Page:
BOSTON – There was no late-night workout in New York City between the Boston Celtics and Josh Jackson.
There was no conversation between Danny Ainge, Boston’s president of basketball operations and the Kansas University star, either.
And that made the decision by Boston to select Duke’s Jayson Tatum with the No. 3 pick a lot easier than some might have thought.
Following Thursday night’s NBA draft, Ainge spoke to the media on several topics which included him explaining the interaction – or lack thereof – between the Celtics organization and Jackson who was selected with the No. 4 pick by the Phoenix Suns.
When asked about his level of communication with Jackson, Ainge said, “never talked to Josh. No one in our organization did. I know someone wrote something that was different.”
That’s because in New York City on Wednesday, Jackson told a group of reporters that he had spoken with head coach Brad Stevens and other assistant coaches, but had not had a chance to talk with Ainge.
Despite the lack of communication with the Celtics, Jackson said he was still open to playing for Boston.
“It would be great to play in Boston,” Jackson told reporters on Wednesday. “I see a lot of their players on their team are about the same things I’m about. Anybody who knows me, knows I love to win. I see that in a lot of the guys on their team. I would love to play in Boston.”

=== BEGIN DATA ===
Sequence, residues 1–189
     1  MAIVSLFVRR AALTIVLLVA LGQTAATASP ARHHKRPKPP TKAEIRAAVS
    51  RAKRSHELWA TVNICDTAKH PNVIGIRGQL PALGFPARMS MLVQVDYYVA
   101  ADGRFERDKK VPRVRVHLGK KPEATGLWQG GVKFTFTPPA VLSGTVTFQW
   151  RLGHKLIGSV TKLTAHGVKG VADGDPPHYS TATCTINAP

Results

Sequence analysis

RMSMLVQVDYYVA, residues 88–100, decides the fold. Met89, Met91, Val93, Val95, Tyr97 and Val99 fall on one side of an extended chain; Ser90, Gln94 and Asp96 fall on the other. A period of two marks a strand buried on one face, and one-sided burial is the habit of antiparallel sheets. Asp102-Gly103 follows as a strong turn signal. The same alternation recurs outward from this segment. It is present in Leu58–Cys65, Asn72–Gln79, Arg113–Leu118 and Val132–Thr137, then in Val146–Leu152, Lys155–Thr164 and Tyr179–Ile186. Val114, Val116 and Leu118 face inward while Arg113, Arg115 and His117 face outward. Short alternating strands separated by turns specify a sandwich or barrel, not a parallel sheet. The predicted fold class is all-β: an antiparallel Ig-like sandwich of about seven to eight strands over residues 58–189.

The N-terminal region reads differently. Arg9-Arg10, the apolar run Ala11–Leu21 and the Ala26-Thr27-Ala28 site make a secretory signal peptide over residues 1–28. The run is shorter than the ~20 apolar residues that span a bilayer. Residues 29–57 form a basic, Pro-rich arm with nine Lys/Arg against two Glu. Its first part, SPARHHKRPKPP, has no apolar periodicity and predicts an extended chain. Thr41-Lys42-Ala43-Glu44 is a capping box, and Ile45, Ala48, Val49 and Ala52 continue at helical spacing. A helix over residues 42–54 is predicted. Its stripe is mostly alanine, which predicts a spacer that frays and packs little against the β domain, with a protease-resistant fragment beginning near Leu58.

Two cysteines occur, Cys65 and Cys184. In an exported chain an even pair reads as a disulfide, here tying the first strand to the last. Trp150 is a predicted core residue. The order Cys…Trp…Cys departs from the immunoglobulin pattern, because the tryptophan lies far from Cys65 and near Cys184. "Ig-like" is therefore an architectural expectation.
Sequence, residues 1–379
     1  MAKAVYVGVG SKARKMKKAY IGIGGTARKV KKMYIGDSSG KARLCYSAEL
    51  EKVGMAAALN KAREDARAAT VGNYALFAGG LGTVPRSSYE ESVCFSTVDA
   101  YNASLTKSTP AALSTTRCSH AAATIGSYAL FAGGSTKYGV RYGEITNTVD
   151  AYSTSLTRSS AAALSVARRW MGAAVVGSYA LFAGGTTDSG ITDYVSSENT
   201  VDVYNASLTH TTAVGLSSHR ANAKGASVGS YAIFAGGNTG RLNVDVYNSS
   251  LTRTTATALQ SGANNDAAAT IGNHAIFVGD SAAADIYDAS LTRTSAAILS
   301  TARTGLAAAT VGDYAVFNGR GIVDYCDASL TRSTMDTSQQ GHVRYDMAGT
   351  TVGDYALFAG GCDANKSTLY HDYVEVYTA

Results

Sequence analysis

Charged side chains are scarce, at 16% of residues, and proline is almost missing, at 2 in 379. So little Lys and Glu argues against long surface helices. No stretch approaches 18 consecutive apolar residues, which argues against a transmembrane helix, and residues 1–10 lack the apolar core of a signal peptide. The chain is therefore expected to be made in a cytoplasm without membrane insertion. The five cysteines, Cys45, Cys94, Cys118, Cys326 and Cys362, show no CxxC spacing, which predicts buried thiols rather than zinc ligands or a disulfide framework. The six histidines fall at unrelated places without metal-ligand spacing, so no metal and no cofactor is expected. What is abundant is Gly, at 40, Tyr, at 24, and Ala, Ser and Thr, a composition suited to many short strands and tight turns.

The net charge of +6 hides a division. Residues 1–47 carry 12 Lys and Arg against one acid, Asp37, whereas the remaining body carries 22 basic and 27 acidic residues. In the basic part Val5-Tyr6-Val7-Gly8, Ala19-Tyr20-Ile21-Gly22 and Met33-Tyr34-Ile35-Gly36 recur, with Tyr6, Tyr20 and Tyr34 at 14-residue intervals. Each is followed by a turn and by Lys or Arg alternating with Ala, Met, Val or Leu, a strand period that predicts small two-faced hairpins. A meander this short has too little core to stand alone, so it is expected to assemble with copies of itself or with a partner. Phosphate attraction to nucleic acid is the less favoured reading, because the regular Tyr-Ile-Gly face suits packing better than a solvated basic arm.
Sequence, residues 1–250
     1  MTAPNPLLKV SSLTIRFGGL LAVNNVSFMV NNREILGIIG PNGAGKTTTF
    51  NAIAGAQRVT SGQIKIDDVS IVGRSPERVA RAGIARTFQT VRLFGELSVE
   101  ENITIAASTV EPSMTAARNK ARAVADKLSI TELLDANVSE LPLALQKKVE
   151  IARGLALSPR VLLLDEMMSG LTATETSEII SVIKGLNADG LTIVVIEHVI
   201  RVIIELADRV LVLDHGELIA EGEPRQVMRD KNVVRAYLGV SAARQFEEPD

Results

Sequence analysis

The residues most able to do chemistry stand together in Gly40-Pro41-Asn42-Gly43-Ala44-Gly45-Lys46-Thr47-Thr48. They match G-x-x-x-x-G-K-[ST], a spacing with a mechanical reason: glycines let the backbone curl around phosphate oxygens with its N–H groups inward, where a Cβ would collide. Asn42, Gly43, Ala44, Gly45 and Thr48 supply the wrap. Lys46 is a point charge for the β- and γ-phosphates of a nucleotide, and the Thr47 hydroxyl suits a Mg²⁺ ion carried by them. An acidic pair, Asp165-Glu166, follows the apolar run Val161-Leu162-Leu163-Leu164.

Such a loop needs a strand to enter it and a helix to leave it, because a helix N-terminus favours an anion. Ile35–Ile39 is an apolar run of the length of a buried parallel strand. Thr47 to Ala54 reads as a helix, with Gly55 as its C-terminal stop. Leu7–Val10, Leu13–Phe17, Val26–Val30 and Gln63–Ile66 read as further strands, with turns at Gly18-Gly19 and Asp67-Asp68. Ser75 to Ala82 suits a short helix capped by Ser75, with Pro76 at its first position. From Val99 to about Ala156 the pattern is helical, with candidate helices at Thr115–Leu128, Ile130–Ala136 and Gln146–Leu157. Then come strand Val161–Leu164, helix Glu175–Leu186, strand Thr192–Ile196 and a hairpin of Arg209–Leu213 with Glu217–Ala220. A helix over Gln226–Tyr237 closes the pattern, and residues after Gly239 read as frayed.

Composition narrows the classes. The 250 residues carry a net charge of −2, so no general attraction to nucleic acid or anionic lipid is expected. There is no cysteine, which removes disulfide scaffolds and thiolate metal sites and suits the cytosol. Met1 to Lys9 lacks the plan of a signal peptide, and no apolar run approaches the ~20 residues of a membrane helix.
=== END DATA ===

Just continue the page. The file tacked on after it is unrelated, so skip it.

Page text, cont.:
Those were his words.
But his actions told an entirely different story.
Jackson said he didn’t work out for Boston because he and his agent didn’t think the Celtics were interested in him when they had the number one overall pick.
Once Boston traded the No. 1 overall pick for Philadelphia’s pick (No. 3) and a future first-round pick, Jackson said there was more interest on Boston’s part but there was not enough time to schedule a workout.
Boston's attempt at working out Jackson went horribly wrong.
“They canceled a workout on us,” Ainge said. “When we flew out to Sacramento, they decided to cancel it; as we flew, Brad and I and (assistant GM and team counsel) Mike Zarren flew cross country.”
Although it was never said explicitly, Ainge had a feel for what was happening.
"There was something that he didn’t want to play for the Celtics,” Ainge said.
Ainge, who played for the Sacramento Kings (1989-1990), acknowledged he wasn’t thrilled to make the long trip and not get to see Jackson workout.
“I was mad,” Ainge said. “Flew cross-country. . . there’s nothing to do in Sacramento.”
Despite not having had a chance to speak with Jackson or getting to work him out, Ainge said the Celtics still had not ruled out drafting him.
“In spite of that, we watched Josh for two years and we were fans,” Ainge said. “He’s a terrific kid and a good player.”